A man accused of fatally assaulting his friend outside a Whyte Avenue bar was found guilty of manslaughter on Wednesday.
Family and friends of Kyle Charles Ashton sat in stunned silence then wept after the judge delivered her verdict. Ashton himself showed no visible reaction to the news.
In December 2014, Ashton and Raad Hamza, 24, were hanging out at The Billiard Club on 105 Street after having arrived separately with their own groups of friends. The pair had known each other for years.
In one incident caught on surveillance video, Hamza is seen getting agitated on the dance floor of The Billiard Club; Ashton can be seen pulling him away from people, trying to settle him down.
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In another surveillance video, Ashton can be seen putting his arm around Hamza and the two are engaged in conversation. Then Hamza pushes Ashton a couple times in the upper chest and Ashton punches Hamza, who then falls to the ground.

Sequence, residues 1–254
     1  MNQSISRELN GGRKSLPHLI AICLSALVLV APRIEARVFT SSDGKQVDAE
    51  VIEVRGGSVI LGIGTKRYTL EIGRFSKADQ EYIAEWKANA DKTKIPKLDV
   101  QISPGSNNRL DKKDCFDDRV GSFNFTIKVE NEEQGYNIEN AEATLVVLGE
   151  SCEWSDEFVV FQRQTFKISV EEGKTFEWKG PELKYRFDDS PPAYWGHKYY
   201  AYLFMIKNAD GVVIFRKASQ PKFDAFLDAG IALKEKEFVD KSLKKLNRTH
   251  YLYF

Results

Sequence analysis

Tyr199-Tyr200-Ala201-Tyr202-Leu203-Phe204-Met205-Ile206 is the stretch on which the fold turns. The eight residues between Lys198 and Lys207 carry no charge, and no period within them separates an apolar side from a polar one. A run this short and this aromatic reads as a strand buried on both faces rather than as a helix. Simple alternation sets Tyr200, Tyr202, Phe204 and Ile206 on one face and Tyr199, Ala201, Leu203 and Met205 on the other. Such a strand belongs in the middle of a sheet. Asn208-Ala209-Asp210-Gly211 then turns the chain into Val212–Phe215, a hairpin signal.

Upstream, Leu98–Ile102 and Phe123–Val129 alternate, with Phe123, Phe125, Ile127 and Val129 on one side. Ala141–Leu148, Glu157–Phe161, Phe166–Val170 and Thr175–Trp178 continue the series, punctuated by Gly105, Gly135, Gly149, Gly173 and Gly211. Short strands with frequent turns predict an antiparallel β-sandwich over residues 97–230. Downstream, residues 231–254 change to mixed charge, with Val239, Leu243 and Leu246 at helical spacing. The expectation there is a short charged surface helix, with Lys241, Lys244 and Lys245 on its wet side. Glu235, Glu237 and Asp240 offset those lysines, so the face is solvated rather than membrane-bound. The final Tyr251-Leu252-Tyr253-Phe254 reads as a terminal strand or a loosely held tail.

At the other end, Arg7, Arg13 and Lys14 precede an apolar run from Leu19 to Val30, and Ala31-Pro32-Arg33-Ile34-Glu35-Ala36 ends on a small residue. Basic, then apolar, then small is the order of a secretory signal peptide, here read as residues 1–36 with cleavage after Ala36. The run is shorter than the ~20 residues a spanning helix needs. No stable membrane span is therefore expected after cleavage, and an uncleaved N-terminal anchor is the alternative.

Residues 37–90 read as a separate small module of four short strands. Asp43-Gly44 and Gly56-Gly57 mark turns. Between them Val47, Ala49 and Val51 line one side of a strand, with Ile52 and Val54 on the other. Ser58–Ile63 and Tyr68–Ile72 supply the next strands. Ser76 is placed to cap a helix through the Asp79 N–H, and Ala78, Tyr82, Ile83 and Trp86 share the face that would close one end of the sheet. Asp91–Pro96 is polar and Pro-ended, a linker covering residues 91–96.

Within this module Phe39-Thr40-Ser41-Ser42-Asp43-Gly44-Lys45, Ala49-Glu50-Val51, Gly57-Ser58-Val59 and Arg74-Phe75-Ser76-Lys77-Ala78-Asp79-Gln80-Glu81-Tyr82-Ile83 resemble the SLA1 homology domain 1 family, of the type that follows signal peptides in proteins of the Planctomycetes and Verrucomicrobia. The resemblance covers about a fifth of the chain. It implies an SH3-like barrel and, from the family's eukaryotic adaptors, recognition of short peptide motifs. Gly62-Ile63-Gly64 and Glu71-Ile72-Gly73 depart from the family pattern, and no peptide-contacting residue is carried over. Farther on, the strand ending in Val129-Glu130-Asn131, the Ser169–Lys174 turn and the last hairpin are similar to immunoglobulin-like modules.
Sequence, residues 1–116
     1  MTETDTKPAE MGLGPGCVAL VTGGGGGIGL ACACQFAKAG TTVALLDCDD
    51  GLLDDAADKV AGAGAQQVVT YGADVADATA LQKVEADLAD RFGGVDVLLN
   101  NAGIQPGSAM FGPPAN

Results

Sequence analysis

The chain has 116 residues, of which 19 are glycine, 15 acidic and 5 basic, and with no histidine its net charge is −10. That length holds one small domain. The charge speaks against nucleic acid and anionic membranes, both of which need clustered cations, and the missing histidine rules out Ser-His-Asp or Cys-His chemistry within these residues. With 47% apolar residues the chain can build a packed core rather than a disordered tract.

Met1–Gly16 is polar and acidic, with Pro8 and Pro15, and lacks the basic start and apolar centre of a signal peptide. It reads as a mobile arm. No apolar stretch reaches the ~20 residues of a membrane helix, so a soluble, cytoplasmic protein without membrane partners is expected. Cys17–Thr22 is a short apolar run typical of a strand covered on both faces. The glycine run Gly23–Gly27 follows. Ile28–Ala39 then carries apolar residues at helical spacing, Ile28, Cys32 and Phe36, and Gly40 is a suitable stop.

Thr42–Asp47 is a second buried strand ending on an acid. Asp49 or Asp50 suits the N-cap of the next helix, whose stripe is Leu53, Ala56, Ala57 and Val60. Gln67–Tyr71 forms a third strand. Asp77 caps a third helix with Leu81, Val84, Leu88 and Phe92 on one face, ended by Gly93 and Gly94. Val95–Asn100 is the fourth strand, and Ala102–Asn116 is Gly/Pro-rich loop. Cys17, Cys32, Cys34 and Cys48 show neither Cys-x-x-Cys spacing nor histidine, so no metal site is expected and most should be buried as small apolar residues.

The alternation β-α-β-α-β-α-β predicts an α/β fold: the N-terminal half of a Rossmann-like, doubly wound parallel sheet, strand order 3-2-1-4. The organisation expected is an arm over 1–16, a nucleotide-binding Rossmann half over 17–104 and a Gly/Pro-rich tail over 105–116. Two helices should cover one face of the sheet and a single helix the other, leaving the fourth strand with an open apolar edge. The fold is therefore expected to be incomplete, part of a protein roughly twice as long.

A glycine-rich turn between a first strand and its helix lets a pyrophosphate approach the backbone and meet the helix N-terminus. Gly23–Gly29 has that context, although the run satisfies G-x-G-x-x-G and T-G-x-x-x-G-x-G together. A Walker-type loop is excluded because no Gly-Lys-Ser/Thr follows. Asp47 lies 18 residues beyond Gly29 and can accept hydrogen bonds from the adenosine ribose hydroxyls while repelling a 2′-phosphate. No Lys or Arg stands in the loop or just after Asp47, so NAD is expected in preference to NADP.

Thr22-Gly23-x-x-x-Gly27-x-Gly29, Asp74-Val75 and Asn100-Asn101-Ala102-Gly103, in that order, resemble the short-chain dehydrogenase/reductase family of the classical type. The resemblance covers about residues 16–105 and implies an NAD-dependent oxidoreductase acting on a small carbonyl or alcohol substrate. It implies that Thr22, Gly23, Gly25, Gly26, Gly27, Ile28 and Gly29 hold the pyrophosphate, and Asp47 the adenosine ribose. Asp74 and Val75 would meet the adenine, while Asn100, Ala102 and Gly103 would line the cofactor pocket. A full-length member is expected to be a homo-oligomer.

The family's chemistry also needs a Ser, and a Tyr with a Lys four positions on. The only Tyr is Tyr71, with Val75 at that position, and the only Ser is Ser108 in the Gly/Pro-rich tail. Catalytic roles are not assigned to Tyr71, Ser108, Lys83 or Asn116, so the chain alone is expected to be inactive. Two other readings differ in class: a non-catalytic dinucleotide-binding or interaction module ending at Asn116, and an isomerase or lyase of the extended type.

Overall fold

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Hamza was unconscious after the blow; he later died in hospital. The cause of death was head trauma.
Ashton admitted to punching Hamza, and the judge said it was a “momentary incident that occurred… an incident between two men.”
Nevertheless, the judge concluded Ashton punched Hamza with enough force to break the bones in his face and for him to fall to the ground.
She ruled it was not an accident and Ashton intended to punch Hamza, and while he may not have known about his own strength, that was no defence.
The judge said the assault was objectively dangerous and she was satisfied that, under all the circumstances, Ashton was guilty of manslaughter.
“When I heard [the] guilty [verdict]… there is no feeling to be honest,” said Sarah Hamza, Raad’s older sister.
“There’s no way for my brother to come back. He was the one who put the smile[s] on us.”
Sarah said her family fled from Iraq and came to Canada for a better and safer life. She said that feeling was shattered when Hamza died.
Hamza’s twin sister Suhad said it was tough to show up for the trial and see Ashton. She was pleased with the verdict.
“That makes me feel good but at the same time, it’s not going to bring my brother back,” she said.
Ashton’s family said he is coping with news of the verdict.
“For the community this has to be done – because no matter what, a life was taken – but I just want everyone to know my brother is not a bad person. He didn’t mean to do this.”
Ashton will remain out on bail. He will be sentenced June 2. Hamza’s death was Edmonton’s 27th homicide of 2014.